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Spanish Word Histories and Mysteries: English Words That Come from Spanishby American Heritage Dictionary
Synopses & Reviews
Most people know that words like burrito and quesadilla come from Spanish, but there are many more English words that we would never suspect are Spanish until we look closely. Did you know that the words breeze and hammock come from Spanish? The jerky in beef jerky, for example, is from Spanish charquí, and the English verb vamoose is from the expression ?Vamos! which means Lets go! in Spanish.
Spanish Word Histories and Mysteries: English Words that Come from Spanish tells the fascinating stories behind 200 English words from Spanish. Every sphere of English vocabulary has been enriched by Spanish, from names for animals—alligator, coyote, and mosquito—to words for weather—hurricane and tornado. This book also explores the Spanish origin of some of the colorful expressions of the Old West: bonanza, loco, mustang, ranch, and ten-gallon hat. Of course, the book digs into the many words for different foods that come from Spanish—not only the obvious ones, such as salsa and taco, but also potato, tomato, caramel, vanilla, and, most important, chocolate. Photographs and line drawings enliven the pages and illustrate the history of the words.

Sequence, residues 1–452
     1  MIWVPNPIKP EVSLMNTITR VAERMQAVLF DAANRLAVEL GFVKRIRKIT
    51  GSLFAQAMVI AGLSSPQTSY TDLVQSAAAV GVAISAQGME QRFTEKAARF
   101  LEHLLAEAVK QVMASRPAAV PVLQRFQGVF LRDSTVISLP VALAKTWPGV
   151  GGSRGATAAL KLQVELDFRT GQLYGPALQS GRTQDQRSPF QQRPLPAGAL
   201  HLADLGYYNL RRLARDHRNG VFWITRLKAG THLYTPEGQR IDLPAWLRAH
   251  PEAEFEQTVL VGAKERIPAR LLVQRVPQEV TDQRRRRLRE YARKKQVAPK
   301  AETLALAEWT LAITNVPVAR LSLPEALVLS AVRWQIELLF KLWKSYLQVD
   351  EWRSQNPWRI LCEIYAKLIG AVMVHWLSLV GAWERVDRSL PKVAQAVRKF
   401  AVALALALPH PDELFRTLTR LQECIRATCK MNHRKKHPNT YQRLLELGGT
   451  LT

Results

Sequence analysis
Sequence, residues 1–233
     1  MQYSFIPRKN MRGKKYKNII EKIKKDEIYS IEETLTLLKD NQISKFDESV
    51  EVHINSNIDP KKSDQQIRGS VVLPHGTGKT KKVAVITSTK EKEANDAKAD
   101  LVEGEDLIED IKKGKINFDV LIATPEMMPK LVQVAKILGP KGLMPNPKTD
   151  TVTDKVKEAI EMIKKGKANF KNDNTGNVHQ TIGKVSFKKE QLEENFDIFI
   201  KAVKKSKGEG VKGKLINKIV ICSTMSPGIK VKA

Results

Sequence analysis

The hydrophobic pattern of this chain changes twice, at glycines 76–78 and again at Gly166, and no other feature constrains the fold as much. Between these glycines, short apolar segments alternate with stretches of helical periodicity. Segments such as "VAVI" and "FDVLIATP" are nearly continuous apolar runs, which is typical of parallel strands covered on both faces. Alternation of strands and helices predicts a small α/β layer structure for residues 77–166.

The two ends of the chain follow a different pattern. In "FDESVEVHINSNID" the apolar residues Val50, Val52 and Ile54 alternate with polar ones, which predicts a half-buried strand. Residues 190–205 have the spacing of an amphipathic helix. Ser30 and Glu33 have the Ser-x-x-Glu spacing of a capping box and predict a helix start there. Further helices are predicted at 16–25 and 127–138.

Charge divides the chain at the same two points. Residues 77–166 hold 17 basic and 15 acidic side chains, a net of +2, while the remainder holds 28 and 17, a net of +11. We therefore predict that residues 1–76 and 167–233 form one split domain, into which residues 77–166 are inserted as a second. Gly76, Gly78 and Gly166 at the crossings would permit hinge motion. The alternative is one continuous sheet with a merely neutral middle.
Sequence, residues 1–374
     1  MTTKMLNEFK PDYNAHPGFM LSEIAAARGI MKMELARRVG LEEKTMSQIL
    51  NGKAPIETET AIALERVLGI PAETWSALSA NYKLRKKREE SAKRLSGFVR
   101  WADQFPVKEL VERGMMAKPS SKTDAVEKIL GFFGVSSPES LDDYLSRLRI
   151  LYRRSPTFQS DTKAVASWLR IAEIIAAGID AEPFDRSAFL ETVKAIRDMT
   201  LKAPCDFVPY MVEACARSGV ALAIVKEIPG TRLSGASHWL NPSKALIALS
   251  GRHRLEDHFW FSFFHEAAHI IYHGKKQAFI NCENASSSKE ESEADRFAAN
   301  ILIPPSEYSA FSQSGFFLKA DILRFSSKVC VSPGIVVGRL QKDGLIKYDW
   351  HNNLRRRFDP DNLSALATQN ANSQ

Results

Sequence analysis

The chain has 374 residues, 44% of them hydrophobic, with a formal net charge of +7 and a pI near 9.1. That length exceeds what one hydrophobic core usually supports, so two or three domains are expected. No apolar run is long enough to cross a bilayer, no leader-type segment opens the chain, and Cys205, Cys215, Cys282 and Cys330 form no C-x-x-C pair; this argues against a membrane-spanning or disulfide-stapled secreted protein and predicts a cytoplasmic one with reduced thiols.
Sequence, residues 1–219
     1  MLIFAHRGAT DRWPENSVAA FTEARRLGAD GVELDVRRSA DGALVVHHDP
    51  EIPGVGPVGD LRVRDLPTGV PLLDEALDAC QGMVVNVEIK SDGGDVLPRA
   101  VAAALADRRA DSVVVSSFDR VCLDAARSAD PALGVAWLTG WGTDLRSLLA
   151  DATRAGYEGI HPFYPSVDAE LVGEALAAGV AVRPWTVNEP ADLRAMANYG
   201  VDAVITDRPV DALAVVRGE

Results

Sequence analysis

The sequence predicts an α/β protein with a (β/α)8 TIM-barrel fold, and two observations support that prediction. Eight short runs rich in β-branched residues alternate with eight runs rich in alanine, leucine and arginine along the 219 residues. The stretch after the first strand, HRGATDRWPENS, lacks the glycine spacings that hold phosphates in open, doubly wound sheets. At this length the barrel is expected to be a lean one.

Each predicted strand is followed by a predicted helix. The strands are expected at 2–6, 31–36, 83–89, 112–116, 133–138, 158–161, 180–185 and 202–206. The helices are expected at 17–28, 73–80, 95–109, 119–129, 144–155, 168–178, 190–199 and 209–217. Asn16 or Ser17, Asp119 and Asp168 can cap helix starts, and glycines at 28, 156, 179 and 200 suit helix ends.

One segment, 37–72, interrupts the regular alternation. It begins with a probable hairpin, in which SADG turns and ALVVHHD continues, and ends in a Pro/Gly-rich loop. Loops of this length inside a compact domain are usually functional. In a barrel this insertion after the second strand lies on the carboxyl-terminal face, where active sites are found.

About the Author
The Editors of the American Heritage Dictionaries and of other reference titles published by Houghton Mifflin Company are trained lexicographers with a varied array of interests and expertise. Most of the editors hold graduate degrees and have studied at least one foreign language. Several have degrees in linguistics or in the history of the English language. Others have degrees in science or sometimes other disciplines. All the editors familiarize themselves with the vocabulary in specific subject areas, collect materials on new developments and usage, and work in association with consultants to ensure that the content of our publications is as accurate and as up-to-date as possible.
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Reference » Etymology
Reference » Words Phrases and Language